(2018) From the organic vineyards of Count Degenfeld, this is 'Szamorodni'. That means it was vinified from bunches containing a good proportion of Botrytis-affected grapes, unlike Tokaji Aszú, which is made only from hand-picked Botrytised grapes. Sweet and clean, with plenty of honey and light tobacco notes, dried apricot and zesty lemon. Lightly silky rather than viscous on the palate, it has a fine delicate but definite sweetness, a touch of chamomile tea, lovely fruit and excellent acidity. It's reminiscent of a later harvest New World Riesling in some ways, but delightful and all set for lighter, fruity desserts or blue cheeses. Good value at the Wine Tour price (for 50cl).
(2018) If you haven't come across the crisp, dry table wines of the Tokaji region of Hungary as yet, then chances are you will soon as they increase in popularity. Made from one of sweet Tokaji's main grapes, Furmint, this is feather-light with 11.5% alcohol and is a lime and flower-infused white that's all about freshness and zing, some sweeter, more ripe red apple juiciness running into that clear citrus acidity. Very enjoyable and all set for summer at its £4.99 price. Watch the video for more information and food-matching ideas.
(2017) An exceptionally fine Tokaji this, last tasted by me at the winery back in 2011, and now absolutely singing with clear notes of honey, glycerine, tea and bergamot, deep notes of coffee and high notes of white flowers. In the mouth luscious and sweet, the tang of Seville orange marmalade, but a shimmering, silky acidity and energy gives wonderful balance as it flows across the tongue. An absolute treat now, but will age for decades. Price is for 50cl. For more information and food matching ideas, please watch the video.
(2017) Disznókő is one of the great names of Tokaji, most famous of course for the fully sweet and luscious dessert wines made from grapes affected by botrytis, the 'noble rot'. This is a new and fresher take on the style, made from the same grapes (in this case Furmint), but with only a percentage of botrytised berries, the rest being harvested late but not with the noble rot. It is also given a shorter period of ageing in oak barrels. The nose is gorgeous, suffused with honey and wild flowers, touches of barley sugar and aromatic tobacco, before a palate that is medium-sweet, still with a generous texture and plenty of honey and ripe peach fruit, but a bracing grapefruit acidity, light nuttiness, and fresh finish with considerable length. Watch the video for some surprising food-matching suggestions and more information.
(2016) A modern, fresh interpretation of late-harvest and partially Botrytis-affected Tokaji style, this is thrilling and delicious in equal measure. Light gold in colour it has aromas of honey, glycerine and delicate barley sugar, the palate medium-bodied but still luscious, there's a delightful creaminess to the texture and the gently exotic fruit, trickled with honey, is beautifully balanced by the acidity. Match to lighter, fruitier desserts, foie gras or simply sip on its own after dinner. Price for 50cl.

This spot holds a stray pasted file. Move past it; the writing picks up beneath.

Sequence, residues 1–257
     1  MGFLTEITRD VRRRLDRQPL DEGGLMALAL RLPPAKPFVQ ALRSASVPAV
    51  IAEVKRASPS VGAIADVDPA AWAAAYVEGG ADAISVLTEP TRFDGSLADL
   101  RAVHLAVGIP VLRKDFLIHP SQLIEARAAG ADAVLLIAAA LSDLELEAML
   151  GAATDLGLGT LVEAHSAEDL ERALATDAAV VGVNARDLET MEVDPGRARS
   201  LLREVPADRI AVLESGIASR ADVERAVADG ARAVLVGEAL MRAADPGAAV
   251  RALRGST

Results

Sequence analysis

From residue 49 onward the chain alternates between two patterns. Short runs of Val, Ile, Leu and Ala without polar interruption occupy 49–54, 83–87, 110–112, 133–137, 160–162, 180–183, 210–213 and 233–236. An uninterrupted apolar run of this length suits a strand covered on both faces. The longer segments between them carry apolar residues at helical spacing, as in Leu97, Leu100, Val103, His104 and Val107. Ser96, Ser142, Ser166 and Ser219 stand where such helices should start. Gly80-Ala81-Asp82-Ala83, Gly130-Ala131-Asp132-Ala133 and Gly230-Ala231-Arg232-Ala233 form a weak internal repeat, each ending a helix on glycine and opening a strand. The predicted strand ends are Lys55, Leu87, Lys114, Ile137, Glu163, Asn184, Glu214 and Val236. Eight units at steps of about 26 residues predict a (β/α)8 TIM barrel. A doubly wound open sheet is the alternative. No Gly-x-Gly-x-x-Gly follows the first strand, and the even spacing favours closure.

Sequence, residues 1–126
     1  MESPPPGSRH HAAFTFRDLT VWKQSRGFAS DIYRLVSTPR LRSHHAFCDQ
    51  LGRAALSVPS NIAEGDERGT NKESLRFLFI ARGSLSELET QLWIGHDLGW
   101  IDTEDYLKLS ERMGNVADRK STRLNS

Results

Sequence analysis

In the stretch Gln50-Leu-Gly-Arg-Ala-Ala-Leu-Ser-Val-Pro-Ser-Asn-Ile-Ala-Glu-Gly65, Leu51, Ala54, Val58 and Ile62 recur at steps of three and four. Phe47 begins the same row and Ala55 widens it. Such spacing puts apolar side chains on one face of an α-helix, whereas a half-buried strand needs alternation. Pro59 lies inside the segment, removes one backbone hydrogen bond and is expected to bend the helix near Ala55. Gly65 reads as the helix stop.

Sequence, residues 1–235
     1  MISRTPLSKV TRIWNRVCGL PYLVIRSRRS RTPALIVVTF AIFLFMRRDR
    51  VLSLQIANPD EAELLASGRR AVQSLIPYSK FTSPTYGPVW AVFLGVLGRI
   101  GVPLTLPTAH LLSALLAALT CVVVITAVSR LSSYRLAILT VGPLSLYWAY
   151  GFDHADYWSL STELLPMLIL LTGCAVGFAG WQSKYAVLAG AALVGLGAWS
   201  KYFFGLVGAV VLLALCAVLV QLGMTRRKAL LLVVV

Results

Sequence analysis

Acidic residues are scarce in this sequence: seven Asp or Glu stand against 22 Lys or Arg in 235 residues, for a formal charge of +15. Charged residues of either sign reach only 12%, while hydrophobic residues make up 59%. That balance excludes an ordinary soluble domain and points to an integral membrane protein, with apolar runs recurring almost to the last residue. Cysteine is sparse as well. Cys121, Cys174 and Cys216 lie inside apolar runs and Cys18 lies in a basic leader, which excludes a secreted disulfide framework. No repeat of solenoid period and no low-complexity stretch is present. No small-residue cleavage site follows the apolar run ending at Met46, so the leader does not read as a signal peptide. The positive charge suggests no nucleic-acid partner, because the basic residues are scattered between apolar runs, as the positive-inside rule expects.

(2016) From the volcanic soils of Tokaji, this is a seriously bone-dry interpretation of the dry Tokaji style, with some delicate floral and mineral salt aromas and lots of apple fruit, but then a bitter lemon grip of acidity, that's pithy and searing through the mid-palate, just always constraining the juiciness of the fruit, clamping it in a youthful, hugely vigorous grip. In some ways reminiscent of a premier cru Chablis with its hints of flint and its rigour. Intense stuff that might well age quite nicely for a few years.
(2016) There are a number of confusingly similar wines in the Royal Tokaji dry collection, the more widely available Dry Tokaji (not this wine), 'The Oddity' where Furmint is blended with Hárslevelű, and this Dry Furmint 'Vineyard Selection', a cuvée which is a selection of grapes from the top vineyards of Royal Tokaji, aged eight months in barrel. Such a different beast from the Disznoko for example, nutty, nicely oxidative, with cream and butter and a bold apple fruit ripeness. The palate is deliciously pert and fresh with its racing acidity, but it has generosity and weight too, a certain viscosity with its 14.5% alcohol, and is delicious. Sadly this 2011 appears to be no longer available,
(2016) Majoros is a new Tokaji name for me, and this is a delicious dry Tokaji. I think it must be fermentation in oak rather than just extended lees ageing that gives this plenty of butter and almondy richness and a relatively deep buttercup colour, but it is lovely against the citrus and baked apple, giving a quite Burgundian character. In the mouth fine clarity and that open, vanilla and nutty roundness, fine bittersweet citrus and grapefruit pithiness, a touch of herbal quality and a long, decisive finish. A really enjoyable wine and an enjoyable style.
(2016) From volcanic soils, there's a touch of honey to apple fruit, and it's a very nutty opening too, the wine fermented and aged in French oak barrels from Seguin Moreau. There's a lot of pear and apple fruit on the palate too, plenty of texture and richness, and it has a long and saline finish. Whether it distinguishes itself enough to be worth twice the price of other wines here is a moot point.
(2016) A different wine from Royal Tokaji's 'Dry Furmint' or Vineyard Selection it appears, this blending Furmint with another Tokaji main grape, Hárslevelű. It is very dry, pithy, apple core and herby on the nose, the merest hint of something more peachy. On the palate the story is the same: crunchy apple and citrus just reveals an underlying layer of more unctuous stone fruits, but then the searing core of acidity pushes on. Sippable, fresh and seafood-friendly in a bone-dry style.